NH awards $5.2 million for elementary upgrade
After much discussion and crunching numbers, the board of trustees of the North Harrison Community School Corp. approved awarding the bid for the elementary school project to the second lowest bidder.
The decision to award the North Harrison Elementary School project to Parco Construction Inc. in Louisville was made Thursday evening during a special meeting by the board.
Parco’s base bid of $5.2 million was $736,000 higher than the low bidder, Badgett Constructors LLC, Louisville. Badgett had asked to withdraw its bid, citing a clerical error.
Mark Shireman, construction manager, said the lower bidders’ prices were ‘pretty close’ to what had been estimated. He also said that if Badgett had submitted its bid correctly, Parco may have actually been the low bidder.
Based on current interest rates, which North Harrison Supt. Monty Schneider termed as ‘favorable,’ the school trustees had enough financial resources available to include some of the alternates as part of the upgrade.
Parco was involved in the original building of the elementary school, Shireman said, while providing a little history about the company.
The trustees discussed their options, which included awarding the bid to Badgett. Shireman said Badgett may or may not have decided to sign the contract and could forfeit five percent of its bid, amounting to about $225,000, but most of the actions taken by Badgett could have resulted in a costly court battle.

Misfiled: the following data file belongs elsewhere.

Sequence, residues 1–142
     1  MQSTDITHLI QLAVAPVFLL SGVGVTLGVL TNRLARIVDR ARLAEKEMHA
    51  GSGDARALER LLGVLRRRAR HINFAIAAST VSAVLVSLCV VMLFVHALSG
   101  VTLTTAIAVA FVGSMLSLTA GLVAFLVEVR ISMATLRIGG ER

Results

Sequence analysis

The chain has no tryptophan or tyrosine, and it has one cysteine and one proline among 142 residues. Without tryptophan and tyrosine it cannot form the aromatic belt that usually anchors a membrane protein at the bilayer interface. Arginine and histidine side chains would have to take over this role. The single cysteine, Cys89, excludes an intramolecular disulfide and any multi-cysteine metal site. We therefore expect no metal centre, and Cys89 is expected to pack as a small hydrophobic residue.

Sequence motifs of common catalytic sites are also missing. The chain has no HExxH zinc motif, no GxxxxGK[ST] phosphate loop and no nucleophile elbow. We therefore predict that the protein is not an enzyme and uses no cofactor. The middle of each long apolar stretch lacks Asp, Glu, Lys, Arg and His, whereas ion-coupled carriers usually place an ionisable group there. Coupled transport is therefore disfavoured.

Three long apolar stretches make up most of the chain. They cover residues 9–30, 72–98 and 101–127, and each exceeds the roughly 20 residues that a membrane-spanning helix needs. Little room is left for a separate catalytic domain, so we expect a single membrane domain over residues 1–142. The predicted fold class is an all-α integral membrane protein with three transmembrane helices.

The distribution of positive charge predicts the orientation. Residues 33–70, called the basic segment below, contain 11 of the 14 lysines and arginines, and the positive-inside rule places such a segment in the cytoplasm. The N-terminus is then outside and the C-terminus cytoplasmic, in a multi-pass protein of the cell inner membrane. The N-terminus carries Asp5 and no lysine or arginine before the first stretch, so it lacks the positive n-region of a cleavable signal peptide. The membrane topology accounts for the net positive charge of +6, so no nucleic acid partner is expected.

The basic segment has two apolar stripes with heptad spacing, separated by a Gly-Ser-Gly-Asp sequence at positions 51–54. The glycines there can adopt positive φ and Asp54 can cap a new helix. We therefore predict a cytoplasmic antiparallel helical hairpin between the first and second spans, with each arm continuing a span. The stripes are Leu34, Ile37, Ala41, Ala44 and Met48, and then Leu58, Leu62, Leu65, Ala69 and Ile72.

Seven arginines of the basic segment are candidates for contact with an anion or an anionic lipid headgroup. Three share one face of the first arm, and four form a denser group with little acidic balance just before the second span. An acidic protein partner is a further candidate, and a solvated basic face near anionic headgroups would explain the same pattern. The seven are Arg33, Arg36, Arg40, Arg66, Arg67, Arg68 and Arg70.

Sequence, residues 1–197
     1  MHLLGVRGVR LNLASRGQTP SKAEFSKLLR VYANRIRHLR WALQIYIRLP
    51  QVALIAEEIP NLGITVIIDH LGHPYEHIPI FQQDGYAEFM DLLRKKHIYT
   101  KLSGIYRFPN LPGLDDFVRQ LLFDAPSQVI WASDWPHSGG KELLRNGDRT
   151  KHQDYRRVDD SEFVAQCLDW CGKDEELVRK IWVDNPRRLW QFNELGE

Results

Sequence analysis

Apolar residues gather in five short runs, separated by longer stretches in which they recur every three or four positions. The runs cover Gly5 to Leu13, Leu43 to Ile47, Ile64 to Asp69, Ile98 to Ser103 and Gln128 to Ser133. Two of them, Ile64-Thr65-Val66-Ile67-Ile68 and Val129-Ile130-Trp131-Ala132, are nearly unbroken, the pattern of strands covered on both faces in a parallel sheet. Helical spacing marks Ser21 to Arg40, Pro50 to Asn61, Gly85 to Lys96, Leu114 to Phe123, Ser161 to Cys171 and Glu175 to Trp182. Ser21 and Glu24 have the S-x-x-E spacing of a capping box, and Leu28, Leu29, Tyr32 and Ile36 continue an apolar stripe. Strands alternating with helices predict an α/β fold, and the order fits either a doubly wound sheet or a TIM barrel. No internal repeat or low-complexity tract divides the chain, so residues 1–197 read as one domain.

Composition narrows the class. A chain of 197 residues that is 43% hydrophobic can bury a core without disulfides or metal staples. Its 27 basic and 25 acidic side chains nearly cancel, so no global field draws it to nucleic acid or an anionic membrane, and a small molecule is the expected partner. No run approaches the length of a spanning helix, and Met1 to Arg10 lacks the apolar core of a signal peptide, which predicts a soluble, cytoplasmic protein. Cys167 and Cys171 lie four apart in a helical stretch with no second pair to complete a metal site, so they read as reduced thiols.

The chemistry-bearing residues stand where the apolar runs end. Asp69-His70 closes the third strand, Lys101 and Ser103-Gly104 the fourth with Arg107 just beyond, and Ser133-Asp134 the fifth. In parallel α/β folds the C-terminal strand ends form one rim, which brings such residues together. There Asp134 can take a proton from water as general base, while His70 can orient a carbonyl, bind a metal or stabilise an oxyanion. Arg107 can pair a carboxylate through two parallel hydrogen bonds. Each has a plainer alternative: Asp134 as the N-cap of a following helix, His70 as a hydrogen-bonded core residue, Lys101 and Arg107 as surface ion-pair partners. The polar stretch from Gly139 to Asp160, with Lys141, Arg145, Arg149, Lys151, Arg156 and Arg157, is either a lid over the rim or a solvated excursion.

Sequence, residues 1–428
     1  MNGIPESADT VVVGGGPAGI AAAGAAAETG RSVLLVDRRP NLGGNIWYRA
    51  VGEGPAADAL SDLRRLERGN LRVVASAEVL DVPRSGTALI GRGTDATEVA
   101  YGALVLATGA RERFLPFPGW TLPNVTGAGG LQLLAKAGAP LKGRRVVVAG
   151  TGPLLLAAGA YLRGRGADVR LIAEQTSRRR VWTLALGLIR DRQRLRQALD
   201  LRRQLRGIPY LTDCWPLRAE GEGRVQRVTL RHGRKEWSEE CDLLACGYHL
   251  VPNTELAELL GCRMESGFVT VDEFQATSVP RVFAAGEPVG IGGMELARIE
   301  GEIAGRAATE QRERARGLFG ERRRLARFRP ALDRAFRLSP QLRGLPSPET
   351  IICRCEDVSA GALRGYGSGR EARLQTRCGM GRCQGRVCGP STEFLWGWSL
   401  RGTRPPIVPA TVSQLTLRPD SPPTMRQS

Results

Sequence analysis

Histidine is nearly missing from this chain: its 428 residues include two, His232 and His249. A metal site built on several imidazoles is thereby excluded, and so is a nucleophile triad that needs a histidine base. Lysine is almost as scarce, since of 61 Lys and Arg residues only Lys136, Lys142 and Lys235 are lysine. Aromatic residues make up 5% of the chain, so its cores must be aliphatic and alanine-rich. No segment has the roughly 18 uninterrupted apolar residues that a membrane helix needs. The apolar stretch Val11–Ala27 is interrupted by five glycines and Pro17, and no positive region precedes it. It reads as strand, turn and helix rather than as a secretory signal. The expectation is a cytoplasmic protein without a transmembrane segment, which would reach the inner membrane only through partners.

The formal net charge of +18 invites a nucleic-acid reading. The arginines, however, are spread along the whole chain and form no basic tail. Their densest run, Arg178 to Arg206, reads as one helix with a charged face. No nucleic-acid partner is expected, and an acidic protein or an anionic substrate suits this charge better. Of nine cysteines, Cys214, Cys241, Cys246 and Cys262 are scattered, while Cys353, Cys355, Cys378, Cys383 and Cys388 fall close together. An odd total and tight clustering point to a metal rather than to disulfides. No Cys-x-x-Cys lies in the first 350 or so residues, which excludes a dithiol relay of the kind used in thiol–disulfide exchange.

Trustee Gary Byrne, who has vocally supported demolishing the existing elementary school and starting from scratch, asked how much it would cost to scrap the project.
Shireman estimated the school corporation would be out at least $592,500 for fees owed to RQAW and Performance Services, firms which have spent considerable time on drawings and other work leading up to the actual construction.
When it came time to vote on awarding the bids, Byrne voted against the motion to let Parco do the work. The other four trustees ‘ Buddy Bosler, Bobby Chinn, Ron Coleman and Fred Naegele ‘ voted in favor of the motion.
Byrne has indicated he believes a new school can be built for a little more than the renovation project will cost.
‘I want it put on the record that it’s a lot closer to $20 million (by the time all costs are included) … and I still say there’s some wasted space back in the classrooms,’ he said.
Chinn responded by saying that new construction would probably be more material intensive than adding to the existing structure.
The existing elementary school is 64,775 square feet. Once the renovation project is complete, it will be 98,310 square feet. That includes adding a second story for additional classrooms.
The board also decided to proceed with several of the alternates, including renovating the administrator’s office to allow a better view of the west parking lot and the school’s main entrance, cutting down the concrete planter at the entrance to allow a better view of people entering and exiting the building, and finishing the second-story classrooms. That brings the ‘hard’ cost of the project to $9.4 million.
The difference between what the school corporation advertised for the project and the bids they awarded ‘ about $1 million ‘ will be added to the contingency fund, which can be used for several things, including technology.